Shall I compare thee to a summer’s day?

Thou art more lovely and more temperate.

Rough winds do shake the darling buds of May

And summer’s lease hath all too short a date.


This is, of course, how I greet Mrs Last most mornings, along with a cup of tea and a rose held between my teeth…

Many of you will recognise this of course as the start of Sonnet 18 by William Shakespeare. This week (at 11.07 on Thursday 21st June to be precise) the Summer Solstice came and went. The day with the longest period of daylight has come and gone. So that’s it then; the nights will now start to draw in and winter is on the way. Roll on Christmas…summer’s lease is nearing its end.


We have been enjoying some beautiful weather throughout May and whilst June has not quite managed to keep that trend going, at least it has been quite mild; a blessing for our exam pupils, some of whom have had enough to contend with coping with their hayfever, let alone blisteringly high temperatures. Mr Whaley and I have just been doing some work with our Year 9 Geographers on Russia (an obvious football link of course!) and the pupils have been astonished to learn that Russia is so vast that it covers 11 time zones from west to east and has a huge variety in terms of climates within the country. This led one year 9 pupil to ask me why we British spend so much time talking about the weather. I suggested that it was probably because we can quite easily experience all four seasons in one day in this country and because the weather is so variable, it gives us plenty to talk about!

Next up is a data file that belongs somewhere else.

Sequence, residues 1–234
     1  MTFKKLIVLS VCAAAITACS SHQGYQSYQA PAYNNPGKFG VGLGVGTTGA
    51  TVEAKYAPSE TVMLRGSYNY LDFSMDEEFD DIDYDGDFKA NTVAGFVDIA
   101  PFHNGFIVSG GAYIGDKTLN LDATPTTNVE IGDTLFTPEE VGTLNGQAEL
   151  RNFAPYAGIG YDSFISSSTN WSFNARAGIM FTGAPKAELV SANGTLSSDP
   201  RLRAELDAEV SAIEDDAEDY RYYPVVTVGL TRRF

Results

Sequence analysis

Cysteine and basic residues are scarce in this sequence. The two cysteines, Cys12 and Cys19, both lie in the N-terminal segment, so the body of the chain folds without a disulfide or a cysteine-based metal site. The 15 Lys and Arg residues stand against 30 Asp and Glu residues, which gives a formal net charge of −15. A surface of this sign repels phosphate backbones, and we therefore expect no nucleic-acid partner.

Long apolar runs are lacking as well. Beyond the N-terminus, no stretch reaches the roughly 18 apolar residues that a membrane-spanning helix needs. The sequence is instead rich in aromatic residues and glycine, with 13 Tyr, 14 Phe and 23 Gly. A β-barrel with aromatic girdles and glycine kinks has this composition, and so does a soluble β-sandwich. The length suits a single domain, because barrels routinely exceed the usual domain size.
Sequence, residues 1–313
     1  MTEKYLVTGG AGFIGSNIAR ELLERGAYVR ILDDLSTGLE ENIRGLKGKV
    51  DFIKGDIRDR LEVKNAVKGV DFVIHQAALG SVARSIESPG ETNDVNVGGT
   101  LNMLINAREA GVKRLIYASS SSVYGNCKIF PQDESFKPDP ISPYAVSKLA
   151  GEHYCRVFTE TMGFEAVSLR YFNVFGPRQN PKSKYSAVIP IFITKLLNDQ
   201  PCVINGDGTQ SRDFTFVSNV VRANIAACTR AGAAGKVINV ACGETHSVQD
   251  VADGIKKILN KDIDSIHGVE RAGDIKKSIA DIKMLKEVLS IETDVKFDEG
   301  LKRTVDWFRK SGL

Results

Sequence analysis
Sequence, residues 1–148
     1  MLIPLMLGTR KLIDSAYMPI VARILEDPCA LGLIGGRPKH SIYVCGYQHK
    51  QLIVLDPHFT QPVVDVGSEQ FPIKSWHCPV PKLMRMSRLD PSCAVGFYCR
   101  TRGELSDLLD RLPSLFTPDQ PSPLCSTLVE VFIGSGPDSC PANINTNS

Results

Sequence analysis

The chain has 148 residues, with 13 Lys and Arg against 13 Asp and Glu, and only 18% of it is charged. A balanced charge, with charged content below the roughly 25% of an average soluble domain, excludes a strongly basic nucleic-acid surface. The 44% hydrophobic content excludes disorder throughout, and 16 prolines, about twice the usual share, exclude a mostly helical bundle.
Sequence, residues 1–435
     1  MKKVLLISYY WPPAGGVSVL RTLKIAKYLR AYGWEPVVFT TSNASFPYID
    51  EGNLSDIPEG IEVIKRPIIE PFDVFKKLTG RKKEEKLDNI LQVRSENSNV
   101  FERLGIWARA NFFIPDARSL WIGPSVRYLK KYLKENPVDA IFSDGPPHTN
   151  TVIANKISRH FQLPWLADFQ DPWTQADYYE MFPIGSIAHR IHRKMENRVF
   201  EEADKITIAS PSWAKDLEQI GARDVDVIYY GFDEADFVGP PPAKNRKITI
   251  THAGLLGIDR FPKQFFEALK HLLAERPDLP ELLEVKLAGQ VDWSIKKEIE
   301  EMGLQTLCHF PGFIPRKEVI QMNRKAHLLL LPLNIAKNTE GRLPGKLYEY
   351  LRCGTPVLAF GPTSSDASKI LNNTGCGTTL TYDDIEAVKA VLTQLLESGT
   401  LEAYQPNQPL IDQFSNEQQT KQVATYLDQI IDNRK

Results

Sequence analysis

Here is where I declare my “inner nerd” because I am a proud member of the Cloud Appreciation Society. Yes, such a thing exists and the website can be found here if you would like to join as well: I have Gavin Pretor-Pinney’s excellent book on clouds (The Cloudspotter’s Guide), I have a Cloud Appreciation Society mug at home and I think I probably still have the badge somewhere as well. The Society is also organising a “Sky Gathering” on Lundy in May 2019 which is, sadly, in term time so I will not be able to attend. Mrs Last has had a lucky escape.


Clouds are fascinating, complex, beautiful and ephemeral objects and we have all, at some point in our lives, played the game of looking for shapes in clouds as they scud across the bright blue sky. Is that a rabbit? A dinosaur? A train? As a geographer I am also fascinated by how clouds form and I really enjoy teaching meteorology to older pupils who have to get their heads round dry and saturated adiabatic lapse rates, dew points, tephigrams, lenticular clouds and the like. Most days though, it is just lovely to be able to be outside and to have the pleasure of watching the clouds in the sky above my head. The beach is a brilliant place for this and we have taken some lovely photos down at Westward Ho! of stunning cloudscapes reflected in the wet sand as the tide recedes across the beach. We are very lucky to live in such a beautiful part of the world and I encourage you this weekend, as you are out and about with your families, take the time to look up every now and then. I would be delighted to include in next week’s newsletter some of your best cloud photographs as well, so get snapping!

Pete Last